So you worked hard to find that cool web application exploit and got a shell on the box. Many people not so familiar with the Linux operating system, quickly find themselves throwing there hand in the air and saying; Now what do I do? By popular demand, this is a list of some of my favorite SSH for Linux Post Exploitation techniques that I’ve used over and over in past Cyber Defense competitions and my career.
Note: I’m assuming that you will likely exploit a service level account, such as ftpd, www-data, ldapadmin, squid, apache or syslog, and not immediately have root level access on the system.
One of my overall favorites is utilizing SSH for linux post exploitation, as a mean of developing access to systems on the internal network and to maintain access. Almost all Linux distro’s come with openssh-client baked in and many also have openssh-server set to run at startup by default. Fortunately, openssh’s config files ship with fairly basic security measures in place and expect system administrators to utilize the many additional security features, that are available, to defend systems. Most simply don’t bother. Additionally the permissions on the /etc/ssh/ssh_conf and /etc/ssh/sshd_conf files are world readable by default. So start by just checking them out.
User$ cat /etc/ssh/ssh.conf
User$ cat /etc/ssh/sshd.conf
Within /etc/ssh/sshd_conf the default configuration allows for public file authentication; with the following line.
This line allows for a public key to be passed to the system in order to authenticate as a specified user. This is done by adding your public key to the .ssh/authorized_keys file; under the users home directory structure. Once added you can use the simply ssh to the system, using your private key, while specifying the username.
Note: Most default system service accounts ship with /bin/false or /sbin/nologin as their default, which means ssh wont allow you to login directly via ssh.
So you are looking issued the command cat /etc/passwd and she that your user has no login shell and you say Michael this whole maintaining access with public keys in the authorized_keys file is useless to me. So how about another user of SSH for linux post exploitation; using your user to port forward into the local network over ssh?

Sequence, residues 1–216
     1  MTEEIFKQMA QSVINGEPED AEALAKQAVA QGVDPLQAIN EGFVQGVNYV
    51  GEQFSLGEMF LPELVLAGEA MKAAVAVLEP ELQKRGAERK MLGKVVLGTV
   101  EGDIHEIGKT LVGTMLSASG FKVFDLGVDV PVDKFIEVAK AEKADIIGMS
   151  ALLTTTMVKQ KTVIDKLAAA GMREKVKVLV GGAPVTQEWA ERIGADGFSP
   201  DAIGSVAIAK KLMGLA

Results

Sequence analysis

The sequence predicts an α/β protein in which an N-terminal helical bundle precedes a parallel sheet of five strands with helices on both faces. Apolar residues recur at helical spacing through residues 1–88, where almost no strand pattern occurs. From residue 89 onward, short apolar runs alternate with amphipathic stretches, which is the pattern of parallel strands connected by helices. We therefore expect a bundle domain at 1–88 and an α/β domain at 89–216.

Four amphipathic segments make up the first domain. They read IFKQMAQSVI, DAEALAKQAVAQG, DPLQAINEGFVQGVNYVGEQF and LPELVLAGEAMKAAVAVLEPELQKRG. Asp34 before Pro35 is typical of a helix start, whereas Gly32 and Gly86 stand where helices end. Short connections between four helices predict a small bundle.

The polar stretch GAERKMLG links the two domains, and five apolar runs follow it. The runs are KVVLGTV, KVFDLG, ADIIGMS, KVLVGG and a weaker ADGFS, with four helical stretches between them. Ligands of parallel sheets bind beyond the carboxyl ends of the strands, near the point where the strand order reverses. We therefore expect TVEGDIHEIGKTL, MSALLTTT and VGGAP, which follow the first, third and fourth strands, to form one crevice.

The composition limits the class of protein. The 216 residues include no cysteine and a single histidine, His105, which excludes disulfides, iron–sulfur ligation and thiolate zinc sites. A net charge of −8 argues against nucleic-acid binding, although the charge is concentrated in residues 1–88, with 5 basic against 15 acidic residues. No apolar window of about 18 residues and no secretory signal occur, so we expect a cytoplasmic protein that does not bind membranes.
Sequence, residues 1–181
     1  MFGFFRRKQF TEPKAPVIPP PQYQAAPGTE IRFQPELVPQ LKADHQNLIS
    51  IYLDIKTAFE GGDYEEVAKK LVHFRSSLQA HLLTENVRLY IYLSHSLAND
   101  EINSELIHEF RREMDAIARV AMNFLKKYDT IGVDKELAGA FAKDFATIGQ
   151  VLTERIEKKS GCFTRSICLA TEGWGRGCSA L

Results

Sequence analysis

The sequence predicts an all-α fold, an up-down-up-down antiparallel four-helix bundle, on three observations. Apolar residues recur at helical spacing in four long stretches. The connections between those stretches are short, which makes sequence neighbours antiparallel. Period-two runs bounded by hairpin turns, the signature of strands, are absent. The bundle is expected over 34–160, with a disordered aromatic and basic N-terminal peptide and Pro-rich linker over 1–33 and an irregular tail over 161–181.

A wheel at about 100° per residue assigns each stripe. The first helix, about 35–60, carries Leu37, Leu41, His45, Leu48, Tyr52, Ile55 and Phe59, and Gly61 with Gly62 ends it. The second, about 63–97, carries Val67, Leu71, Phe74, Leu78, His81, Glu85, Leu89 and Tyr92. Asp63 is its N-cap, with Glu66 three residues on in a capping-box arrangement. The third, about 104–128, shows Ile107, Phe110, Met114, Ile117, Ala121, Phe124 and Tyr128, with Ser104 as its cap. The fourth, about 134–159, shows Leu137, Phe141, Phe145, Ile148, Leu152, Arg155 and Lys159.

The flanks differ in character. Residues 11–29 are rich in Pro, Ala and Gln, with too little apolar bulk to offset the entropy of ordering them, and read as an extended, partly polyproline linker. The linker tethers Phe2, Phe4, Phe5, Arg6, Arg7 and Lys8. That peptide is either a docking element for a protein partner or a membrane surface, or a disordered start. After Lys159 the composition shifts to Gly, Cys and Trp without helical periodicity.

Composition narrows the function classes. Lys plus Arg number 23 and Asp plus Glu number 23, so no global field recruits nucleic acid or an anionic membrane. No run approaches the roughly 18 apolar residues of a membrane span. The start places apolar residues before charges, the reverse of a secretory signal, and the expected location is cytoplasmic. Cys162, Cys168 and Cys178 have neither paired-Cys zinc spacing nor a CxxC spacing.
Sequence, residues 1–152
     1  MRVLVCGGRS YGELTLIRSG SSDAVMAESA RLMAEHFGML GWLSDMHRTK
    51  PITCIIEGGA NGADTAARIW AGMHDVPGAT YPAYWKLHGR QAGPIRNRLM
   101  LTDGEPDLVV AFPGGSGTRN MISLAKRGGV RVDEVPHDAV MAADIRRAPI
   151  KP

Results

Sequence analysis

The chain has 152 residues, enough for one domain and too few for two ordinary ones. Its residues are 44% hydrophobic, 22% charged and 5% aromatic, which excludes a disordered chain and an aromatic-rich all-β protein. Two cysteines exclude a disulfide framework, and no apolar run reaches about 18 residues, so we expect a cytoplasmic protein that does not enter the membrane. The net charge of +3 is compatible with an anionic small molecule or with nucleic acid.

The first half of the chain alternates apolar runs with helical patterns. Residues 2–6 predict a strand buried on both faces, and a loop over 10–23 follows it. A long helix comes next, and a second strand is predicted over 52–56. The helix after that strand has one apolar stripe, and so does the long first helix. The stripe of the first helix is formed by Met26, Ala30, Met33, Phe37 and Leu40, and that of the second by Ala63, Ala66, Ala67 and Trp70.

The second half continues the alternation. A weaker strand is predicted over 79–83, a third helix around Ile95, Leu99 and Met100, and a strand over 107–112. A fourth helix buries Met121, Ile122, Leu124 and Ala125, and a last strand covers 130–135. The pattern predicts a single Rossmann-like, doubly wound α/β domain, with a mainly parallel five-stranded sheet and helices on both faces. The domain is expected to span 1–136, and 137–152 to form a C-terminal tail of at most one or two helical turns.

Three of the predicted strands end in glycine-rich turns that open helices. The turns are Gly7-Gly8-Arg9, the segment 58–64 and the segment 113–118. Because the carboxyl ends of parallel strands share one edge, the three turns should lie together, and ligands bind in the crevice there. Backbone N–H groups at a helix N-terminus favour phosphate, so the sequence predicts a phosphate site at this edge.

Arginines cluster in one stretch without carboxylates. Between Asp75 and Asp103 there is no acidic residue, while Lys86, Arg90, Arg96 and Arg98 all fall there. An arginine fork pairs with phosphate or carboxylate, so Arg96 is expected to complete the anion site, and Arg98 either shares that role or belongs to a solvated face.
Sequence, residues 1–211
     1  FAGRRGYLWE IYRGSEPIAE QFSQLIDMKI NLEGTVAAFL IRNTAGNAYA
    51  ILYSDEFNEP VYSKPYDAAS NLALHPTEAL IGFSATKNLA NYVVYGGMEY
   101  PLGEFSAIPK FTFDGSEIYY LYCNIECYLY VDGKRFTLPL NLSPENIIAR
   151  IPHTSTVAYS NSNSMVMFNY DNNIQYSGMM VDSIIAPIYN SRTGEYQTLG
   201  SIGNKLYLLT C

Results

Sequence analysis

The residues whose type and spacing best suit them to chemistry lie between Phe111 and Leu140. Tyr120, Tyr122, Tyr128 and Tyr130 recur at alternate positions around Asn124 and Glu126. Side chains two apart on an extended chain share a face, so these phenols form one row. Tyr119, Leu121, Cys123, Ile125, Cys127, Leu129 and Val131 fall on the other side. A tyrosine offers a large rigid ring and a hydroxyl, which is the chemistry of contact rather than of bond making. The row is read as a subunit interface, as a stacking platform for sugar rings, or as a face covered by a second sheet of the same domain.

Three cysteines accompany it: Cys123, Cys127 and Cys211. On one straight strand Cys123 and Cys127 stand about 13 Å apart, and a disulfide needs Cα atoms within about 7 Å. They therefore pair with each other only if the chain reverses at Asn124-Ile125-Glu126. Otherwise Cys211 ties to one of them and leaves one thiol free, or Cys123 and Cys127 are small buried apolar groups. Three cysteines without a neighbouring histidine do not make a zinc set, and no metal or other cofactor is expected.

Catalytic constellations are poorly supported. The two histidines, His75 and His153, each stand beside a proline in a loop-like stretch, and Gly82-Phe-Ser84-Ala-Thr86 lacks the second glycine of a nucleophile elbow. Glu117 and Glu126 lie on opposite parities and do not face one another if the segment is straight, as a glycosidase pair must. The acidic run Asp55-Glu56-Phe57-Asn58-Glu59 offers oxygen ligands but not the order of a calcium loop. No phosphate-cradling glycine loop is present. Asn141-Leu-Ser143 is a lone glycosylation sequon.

So you get a web shell using some fancy new wordpress vulnerability and then you cat out the wp-config.php file and see that the database isn’t hosted on the local system. Now you have to pop another box to access that database right? Wrong. You can create a local port forward the the mysql port with ssh. by using the following command.
ssh -R 9000:<mysql server ip>:3306 www-data@localhost
So now maybe people are thinking of great I have to have a shell again…but www-data has /sbin/nologin! Thats fine we dont need a shell. Just follow the steps above. Use your web shell from the wordpress vulnerability to use ssh-keygen to generate the www-data users keys and .ssh directly. Then simply cat your public key into the .ssh/authorized_keys file, to give you a means of local authentication. You may not be able to get a local shell, but you can still ssh port forward by telling ssh not to use interactive login or allocate a tty with the following command.
ssh -v -nNT -R 9000:<mysql server ip>:3306 www-data@localhost
This will create an ssh tunnel that will port forward all traffic from 9000 to the mysql server on its default port. So simply issue the mysql command to connect on port 9000 and use the credentials in the wp-config.php file.
mysql -u wordpress -p -h <web server ip> -p 9000
If you have any questions or want to know more just leave a comment or hit me up on social media.